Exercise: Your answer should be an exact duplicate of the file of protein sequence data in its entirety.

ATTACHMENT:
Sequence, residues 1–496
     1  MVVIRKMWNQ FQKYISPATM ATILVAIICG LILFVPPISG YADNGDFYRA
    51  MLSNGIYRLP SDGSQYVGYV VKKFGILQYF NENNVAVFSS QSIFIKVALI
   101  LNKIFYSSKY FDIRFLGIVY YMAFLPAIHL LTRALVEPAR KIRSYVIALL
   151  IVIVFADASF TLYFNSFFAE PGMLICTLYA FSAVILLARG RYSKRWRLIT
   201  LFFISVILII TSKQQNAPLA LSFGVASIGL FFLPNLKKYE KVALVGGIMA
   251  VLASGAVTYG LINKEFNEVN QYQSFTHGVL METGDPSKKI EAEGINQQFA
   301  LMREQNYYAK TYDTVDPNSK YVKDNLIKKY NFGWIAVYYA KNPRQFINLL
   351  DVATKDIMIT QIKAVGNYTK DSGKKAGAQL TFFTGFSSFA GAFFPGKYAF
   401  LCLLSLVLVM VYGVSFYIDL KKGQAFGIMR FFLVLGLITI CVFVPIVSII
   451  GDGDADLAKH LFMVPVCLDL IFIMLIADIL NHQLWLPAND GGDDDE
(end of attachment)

Sequence, residues 1–496
     1  MVVIRKMWNQ FQKYISPATM ATILVAIICG LILFVPPISG YADNGDFYRA
    51  MLSNGIYRLP SDGSQYVGYV VKKFGILQYF NENNVAVFSS QSIFIKVALI
   101  LNKIFYSSKY FDIRFLGIVY YMAFLPAIHL LTRALVEPAR KIRSYVIALL
   151  IVIVFADASF TLYFNSFFAE PGMLICTLYA FSAVILLARG RYSKRWRLIT
   201  LFFISVILII TSKQQNAPLA LSFGVASIGL FFLPNLKKYE KVALVGGIMA
   251  VLASGAVTYG LINKEFNEVN QYQSFTHGVL METGDPSKKI EAEGINQQFA
   301  LMREQNYYAK TYDTVDPNSK YVKDNLIKKY NFGWIAVYYA KNPRQFINLL
   351  DVATKDIMIT QIKAVGNYTK DSGKKAGAQL TFFTGFSSFA GAFFPGKYAF
   401  LCLLSLVLVM VYGVSFYIDL KKGQAFGIMR FFLVLGLITI CVFVPIVSII
   451  GDGDADLAKH LFMVPVCLDL IFIMLIADIL NHQLWLPAND GGDDDE